Chattanooga-based Covenant Transport reported solid third quarter earnings Friday, with a total revenue of $173 million and net income of $7.6 million, or 42 cents per share, for July, August and September.
A year ago, Covenant reported $177.6 million in total revenue and net income of $1.9 million, or 12 cents per share.
Covenant grew its average tractor fleet by 134 trucks and its team-driven trucks by 115 over the past year. Those positives helped the company make slight increases in freight revenue and truck yields, Covenant CEO David Parker said.
But like many motor carriers, previously negotiated fuel hedge agreements hurt Covenant in the quarter as fuel prices remained low. Fuel hedge agreements are designed to protect large fuel consumers from spikes in fuel prices, but can be harmful if prices go the other way and drop.
Covenant officials reported losing $3.9 million because of fuel hedge agreements in the third quarter of this year.
Parker said the quarter was characterized by myriad competitive conditions, including the adverse fuel hedging agreements, the increasing driver shortage and "lackluster freight demand."
Earlier this month, the American Trucking Association reported that the trucking industry will be short 48,000 drivers by the end of 2015, and that the need will grow and become more dire in the foreseeable future. By 2024, ATA experts believe the driver shortage will reach 175,000.
To combat the shortage and the increasingly competitive labor environment — which has become cut-throat among trucking companies — many carriers are boosting driver pay and offering better benefits.
In the third quarter of this year, Parker said Covenant saw salaries, wages and related expenses increase by approximately 1.1 cents per mile over the year-ago level because of the increase in team drivers, driver pay and higher group insurance expenses.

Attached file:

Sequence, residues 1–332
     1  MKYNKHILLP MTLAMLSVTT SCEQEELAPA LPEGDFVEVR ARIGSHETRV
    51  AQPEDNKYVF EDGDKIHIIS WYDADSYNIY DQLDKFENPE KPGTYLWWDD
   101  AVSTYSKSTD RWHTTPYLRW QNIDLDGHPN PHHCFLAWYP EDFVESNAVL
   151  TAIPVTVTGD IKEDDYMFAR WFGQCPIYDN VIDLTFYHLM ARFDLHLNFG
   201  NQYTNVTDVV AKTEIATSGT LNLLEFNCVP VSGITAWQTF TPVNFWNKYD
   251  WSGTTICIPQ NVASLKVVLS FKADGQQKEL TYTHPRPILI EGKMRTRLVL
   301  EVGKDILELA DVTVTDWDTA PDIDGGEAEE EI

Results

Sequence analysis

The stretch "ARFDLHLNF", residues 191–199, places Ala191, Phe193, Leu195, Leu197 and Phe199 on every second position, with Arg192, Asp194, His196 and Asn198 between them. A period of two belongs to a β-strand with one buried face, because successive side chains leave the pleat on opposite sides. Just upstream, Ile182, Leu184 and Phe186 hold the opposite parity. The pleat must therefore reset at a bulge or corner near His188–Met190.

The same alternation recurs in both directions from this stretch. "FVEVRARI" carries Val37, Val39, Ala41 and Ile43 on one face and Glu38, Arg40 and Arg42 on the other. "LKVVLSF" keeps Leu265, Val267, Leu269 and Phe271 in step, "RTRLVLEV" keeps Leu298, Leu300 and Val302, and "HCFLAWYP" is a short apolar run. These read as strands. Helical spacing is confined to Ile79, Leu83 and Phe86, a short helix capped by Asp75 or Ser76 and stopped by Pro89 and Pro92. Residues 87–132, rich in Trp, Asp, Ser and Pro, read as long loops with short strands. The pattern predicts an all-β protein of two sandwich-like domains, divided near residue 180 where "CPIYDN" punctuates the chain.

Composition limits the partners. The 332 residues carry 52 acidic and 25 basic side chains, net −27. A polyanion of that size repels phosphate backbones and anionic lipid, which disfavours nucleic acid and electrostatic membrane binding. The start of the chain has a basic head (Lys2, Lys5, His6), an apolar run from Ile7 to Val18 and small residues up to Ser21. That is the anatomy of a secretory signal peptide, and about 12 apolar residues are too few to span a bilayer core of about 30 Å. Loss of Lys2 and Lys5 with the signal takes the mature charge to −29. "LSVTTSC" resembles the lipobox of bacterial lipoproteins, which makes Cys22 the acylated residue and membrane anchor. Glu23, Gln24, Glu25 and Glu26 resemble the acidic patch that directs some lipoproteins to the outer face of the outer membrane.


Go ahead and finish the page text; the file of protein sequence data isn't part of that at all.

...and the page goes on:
Covenant also is in the process of reinvesting in its fleet, and as of the end of September, has taken in 715 new trailers and disposed of 410 used tractors. The company's 2015 plan calls for the taking of 805 new tractors and disposal of 815 used tractors by the end of the year.
Looking ahead to the final quarter of the year, Senior Vice President and Chief Financial Officer Richard Bribbs predicted a "solid" fourth quarter, with more committed peak season customer volume than a year ago, but at lower average rates than 2014.
Cribbs said the company isn't ready to predict fourth quarter net income against 2014, but he said it's possible that earnings per share decrease year-over-year because of current market demands and fuel hedging contracts.
Parker said ecommerce freight is expected to be up going into the peak season, while demand for non-e-commerce traditional and retail goods transportation is expected to be down. He said online shopping is expected to offset the decline.
Covenant results were a penny a share above what analysts had forecast for the third quarter, helping to boost Covenant shares Friday by $2.53 per share, or nearly 12.7 percent, to close at $22.52 per share in trading on the Nasdaq Exchange.
Contact staff writer Alex Green at email@example.com or 423-757-6480.